Saturday, November 15, 2008

About Writing

It’s easier to achieve a dream if you break the journey down into steps. Like the prospect of writing a book. Say, we’re talking about 75,000 words. It’s not a huge tome like, “War and Peace”, but then it’s bigger than, “The Little Engine that Could”.

First step would be to have something to write about. Once you’re set on that the rest of it is actually gravy. You’d need to examine your intentions too. If you are writing with the sole intent of being a famous author remembered through the ages for your writing, for your clarity of thought, for your succinct handling of language; forget it. If you are writing just to make money; that too is a bad idea. I don’t know why, but it is.

Why you write should be more along the lines of you can’t do anything else. It’s a driven sort of thing. If you are not exactly driven right now you could develop the habit by writing in small chunks. You could write 500 words a day. Every day. Actually, 500 words isn’t really that much. It’s not even a full page of typewritten material. Write about anything you want to write about. Cut pictures out of magazines or print them off of the internet and write a page about the picture. Describe what is going on. If there are people in the picture pretend that you can see into their hearts and talk about what they are feeling.

Once you are easy with the 500 words a day extend that by a few hundred and do a page and a half. Then, after a week or two of the increased output aim for 2 pages a day. Now, at 2 pages a day you are writing about 1,200 words a day. That is a pretty descent output. The rule of thumb is to write 1,000 words a day, but I figure filling 2 pages is easier than counting. Or you could use the word count feature in your word processing program for awhile until you get sick of it and just count pages of new material.

Once you have the driven thing down you are invited to begin work on your book. That in itself can seem daunting, but just plunge in. You could develop an outline or have index cards filled out. One of my favorite techniques is to write the story in the form of a short sentence: “A wants to go to B and finds herself distracted at every turn.” Then, you go back and expand that sentence a little bit: “A wants to go to B because her sister is being held captive by an ornery old woman. A sets out on her journey but finds obstacle after obstacle is thrown up in her face.” You get the idea. Just keep expanding on these sentences until you’ve got a paragraph of, maybe, 10 sentences. Then, take each one of those sentences and expand each one of them into a paragraph. Now, you’ve got your book on one page and each one of those paragraphs can eventually be a chapter.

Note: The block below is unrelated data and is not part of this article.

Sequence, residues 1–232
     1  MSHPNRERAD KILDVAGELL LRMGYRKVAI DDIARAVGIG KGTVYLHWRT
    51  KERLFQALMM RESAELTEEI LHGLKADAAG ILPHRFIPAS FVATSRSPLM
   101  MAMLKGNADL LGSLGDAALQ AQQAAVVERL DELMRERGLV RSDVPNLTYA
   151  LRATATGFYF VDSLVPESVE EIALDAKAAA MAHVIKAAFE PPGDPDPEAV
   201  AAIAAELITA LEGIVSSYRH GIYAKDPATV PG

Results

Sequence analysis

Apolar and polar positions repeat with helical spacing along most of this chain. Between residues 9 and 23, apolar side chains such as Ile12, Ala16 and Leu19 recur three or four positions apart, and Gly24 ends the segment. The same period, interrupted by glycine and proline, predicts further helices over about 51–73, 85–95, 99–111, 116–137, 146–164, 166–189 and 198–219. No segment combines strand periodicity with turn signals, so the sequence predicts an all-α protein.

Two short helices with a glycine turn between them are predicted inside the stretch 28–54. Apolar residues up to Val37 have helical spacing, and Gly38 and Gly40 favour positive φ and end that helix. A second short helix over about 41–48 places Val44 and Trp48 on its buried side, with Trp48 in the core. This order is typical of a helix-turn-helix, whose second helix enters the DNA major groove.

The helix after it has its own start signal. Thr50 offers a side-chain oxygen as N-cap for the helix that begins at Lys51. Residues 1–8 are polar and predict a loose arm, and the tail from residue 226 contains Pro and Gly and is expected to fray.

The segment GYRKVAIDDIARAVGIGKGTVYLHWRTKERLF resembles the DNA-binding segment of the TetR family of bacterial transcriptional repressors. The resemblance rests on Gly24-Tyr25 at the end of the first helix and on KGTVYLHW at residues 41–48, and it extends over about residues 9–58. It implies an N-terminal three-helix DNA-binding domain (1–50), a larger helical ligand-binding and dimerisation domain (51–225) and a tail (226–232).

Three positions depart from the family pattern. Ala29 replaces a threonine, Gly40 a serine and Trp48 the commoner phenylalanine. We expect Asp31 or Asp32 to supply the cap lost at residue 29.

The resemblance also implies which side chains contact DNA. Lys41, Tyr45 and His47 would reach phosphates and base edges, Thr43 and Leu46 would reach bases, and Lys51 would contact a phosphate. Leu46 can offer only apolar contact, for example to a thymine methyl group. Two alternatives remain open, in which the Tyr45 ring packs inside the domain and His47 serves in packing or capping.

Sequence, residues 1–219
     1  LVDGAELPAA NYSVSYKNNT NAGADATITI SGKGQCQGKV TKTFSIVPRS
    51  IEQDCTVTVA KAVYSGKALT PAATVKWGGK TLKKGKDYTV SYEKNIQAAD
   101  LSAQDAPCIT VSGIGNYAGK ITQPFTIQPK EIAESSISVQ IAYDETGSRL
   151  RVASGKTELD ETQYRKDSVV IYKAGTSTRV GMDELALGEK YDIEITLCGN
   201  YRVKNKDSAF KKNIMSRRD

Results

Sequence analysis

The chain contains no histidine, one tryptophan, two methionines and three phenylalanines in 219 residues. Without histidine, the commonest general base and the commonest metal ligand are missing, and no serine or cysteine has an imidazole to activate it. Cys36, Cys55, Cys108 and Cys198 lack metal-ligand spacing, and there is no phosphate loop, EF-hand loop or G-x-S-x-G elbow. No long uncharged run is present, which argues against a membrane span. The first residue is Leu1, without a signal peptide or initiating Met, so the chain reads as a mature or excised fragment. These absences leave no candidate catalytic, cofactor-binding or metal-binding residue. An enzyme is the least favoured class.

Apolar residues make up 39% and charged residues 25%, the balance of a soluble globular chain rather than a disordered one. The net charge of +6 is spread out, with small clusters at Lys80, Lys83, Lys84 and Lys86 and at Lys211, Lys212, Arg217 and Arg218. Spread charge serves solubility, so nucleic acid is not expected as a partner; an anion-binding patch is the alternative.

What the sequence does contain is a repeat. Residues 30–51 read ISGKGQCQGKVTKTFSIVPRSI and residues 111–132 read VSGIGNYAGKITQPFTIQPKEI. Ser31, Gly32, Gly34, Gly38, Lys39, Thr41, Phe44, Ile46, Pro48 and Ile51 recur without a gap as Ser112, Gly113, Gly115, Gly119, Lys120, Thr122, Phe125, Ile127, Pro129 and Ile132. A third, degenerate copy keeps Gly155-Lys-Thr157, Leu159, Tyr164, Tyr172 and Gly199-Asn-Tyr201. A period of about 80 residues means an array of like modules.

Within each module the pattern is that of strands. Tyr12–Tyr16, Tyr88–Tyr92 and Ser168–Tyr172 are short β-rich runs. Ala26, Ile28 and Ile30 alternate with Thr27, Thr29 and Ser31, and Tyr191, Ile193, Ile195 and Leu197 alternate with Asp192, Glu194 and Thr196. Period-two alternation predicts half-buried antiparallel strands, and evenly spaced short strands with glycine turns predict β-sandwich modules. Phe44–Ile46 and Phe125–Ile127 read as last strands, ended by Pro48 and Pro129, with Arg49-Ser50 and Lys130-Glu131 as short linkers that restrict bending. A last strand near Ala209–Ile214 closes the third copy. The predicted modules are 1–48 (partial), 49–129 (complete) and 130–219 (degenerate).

You will probably see that your story goes every which way anyway, but the original plan might just carry you through from beginning to end.

You’ll know you’ve hit the driven quality of writing when you find yourself thinking about what you are writing about while you are filling your car with gas, while you are waiting in line at the grocery story, while you are driving to work. There’s a story I love of James Thurber and his wife. They were at a cocktail party and James was standing by himself in the middle of the room. He had a drink in one hand and some hors d'oeuvres in the other. He was just standing there not talking to anybody although people swirled all around him. His wife was across the room. She spied him where he stood all alone in the middle of a room full of people and stalked across to him. She hissed at him, “Quit writing.” I just love that story.

It is important that you write every day. You might feel now that you don’t have a minute to call your own, but you can carve out an hour or two for yourself if you try. My favorite time to write is in the very early morning before everybody gets up and before I go to work; and I do have a full time job. I tend to go to sleep a little earlier when I’m writing so I can get up a little earlier and have that time to myself. I put some headphones on and will either play music or not. Many times I “come to” to find that I’ve been sitting here writing for 45 minutes with headphones on and nothing coming out of them. But, there was a time when I wrote a book mostly listening to Celtic music. One of my favorite pieces is, “Wind Horse” from Bill Douglas' album Celtic Twilight. Another favorite I listen to is Dr. Jeffrey Thompson’s Brainwave Suite. Background music that helps to get me in the mood that helps to sustain the moment and that will mask background noises if I am writing once everybody is awake.